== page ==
Mayans Incans and Aztecs
The Mayans were so architecturally advanced that they were able to make it appear as though a serpent were slithering down the side of the pyramid.
Chichen Itza has 365 steps, it is said to be like a calender
Chichen Itza's line up
It was once assumed that Chichen Itza lined up with the stars in some way but a new theory suggest that the cite of Chichen Itza lines up with cenotes and not with a star constellation.
Their methods of farming were less advanced than the rest of their culture and is said by some to have even cause their downfall. They used the slash and burn method of farming. They would cut down and burn a section of rainforest and plant crops on that land until it was no longer fertile, which usually took a couple years. When they needed more land they cut down more forest.
The Maya Fall
Tenochtitlan Now (Mexico City)
Old Spanish Map
On the outer edges they also built floating gardens, where they planted corn, beans, vegetables, fruit, and flowers. These floating gardens were called Chinampas.
Old Depiction of Tenochtitlan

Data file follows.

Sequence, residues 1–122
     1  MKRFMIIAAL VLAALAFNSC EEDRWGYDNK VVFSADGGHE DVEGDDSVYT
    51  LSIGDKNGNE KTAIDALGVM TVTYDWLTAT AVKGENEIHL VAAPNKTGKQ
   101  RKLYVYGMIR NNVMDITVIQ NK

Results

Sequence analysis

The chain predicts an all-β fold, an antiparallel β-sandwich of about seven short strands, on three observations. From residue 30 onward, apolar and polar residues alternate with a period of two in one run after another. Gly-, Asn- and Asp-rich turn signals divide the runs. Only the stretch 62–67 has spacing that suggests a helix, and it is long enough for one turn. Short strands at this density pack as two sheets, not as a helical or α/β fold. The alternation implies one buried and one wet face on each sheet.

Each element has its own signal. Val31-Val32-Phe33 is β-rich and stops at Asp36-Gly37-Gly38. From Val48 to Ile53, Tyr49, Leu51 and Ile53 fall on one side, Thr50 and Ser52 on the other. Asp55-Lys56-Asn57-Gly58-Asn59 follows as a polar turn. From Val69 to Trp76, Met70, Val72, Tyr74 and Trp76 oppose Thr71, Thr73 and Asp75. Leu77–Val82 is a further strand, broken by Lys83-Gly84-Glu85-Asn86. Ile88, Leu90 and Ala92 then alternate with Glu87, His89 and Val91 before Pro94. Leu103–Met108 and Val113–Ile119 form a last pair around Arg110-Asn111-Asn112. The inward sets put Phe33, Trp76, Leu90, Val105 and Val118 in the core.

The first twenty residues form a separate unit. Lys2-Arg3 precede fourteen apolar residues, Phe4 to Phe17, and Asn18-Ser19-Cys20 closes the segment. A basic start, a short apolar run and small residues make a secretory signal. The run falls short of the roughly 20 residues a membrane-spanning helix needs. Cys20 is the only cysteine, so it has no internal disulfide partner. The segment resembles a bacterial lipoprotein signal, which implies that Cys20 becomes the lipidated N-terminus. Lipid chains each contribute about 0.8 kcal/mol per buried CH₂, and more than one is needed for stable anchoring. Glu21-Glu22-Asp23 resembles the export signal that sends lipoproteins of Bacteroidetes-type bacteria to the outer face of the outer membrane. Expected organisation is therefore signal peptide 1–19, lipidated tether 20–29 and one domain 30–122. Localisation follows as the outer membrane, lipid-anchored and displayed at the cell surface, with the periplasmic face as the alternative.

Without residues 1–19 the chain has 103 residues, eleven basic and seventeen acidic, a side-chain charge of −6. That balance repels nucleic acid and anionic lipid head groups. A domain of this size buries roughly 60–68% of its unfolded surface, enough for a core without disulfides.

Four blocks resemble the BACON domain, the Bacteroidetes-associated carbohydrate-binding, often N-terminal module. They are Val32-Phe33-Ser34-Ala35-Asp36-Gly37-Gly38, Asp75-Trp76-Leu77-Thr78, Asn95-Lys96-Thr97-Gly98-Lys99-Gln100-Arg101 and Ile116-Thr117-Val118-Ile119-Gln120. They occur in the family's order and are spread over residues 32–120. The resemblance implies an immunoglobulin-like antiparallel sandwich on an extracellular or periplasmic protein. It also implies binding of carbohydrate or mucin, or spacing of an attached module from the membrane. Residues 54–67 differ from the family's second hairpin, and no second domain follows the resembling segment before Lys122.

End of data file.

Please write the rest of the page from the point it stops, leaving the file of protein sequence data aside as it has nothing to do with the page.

Priests often beat themselves with a cactus and never bathed. They also performed rituals like drowning, ripping out and burning someones heart, or beheaded them. Usually slaves were the ones being sacrificed. They also believed that human blood needed to shed in order for the sun to rise each day.
Aztecs didn't develop a writing system and instead used hieroglyphs to write and a dotted system for counting as depicted below.
Work and Discipline
Nobles and Priest
- meat in council lead by serpent women (actually the emperors brother)
- Advise emperor
- often the leaders of smaller cities
- more prestigious than commoners, less than priests or nobles
- Some are free some are like indentured servants
- Were usually farmers, merchants, or craftsmen
- Developed clans
- Clans put up schools, markets and farms
- bought and sold like property, often used as sacrifices
When They Lived
No Money No Problem
Importance of the Road System.
The Incas Fall to Pizzaro
American Gold Leads to Capitals
Spain Finds Gold
Consumer Gains Control
Capitalism is Born
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Ellis, Elisabeth Gaynor., and Anthony Esler. Prentice Hall World History. Upper Saddle River, NJ: Pearson, 2011. Print.
"Expedition Unknown S01E09 â Mayan Apocalypse [Full Episode]."YouTube. YouTube, n.d. Web. 23 Sept. 2015.
"History.com." History.com. A&E Television Networks, n.d. Web. 08 Sept. 2015.
"Learn360 - User Login." Learn360 - User Login. N.p., n.d. Web. 14 Sept. 2015.
Nishi, Dennis. The Inca Empire. San Diego: Lucent, 2000. Print.
Somervill, Barbara A. Ancient Maya. N.p.: Children's, 2013. Freedom Flix. Web.
Photo and Video Citations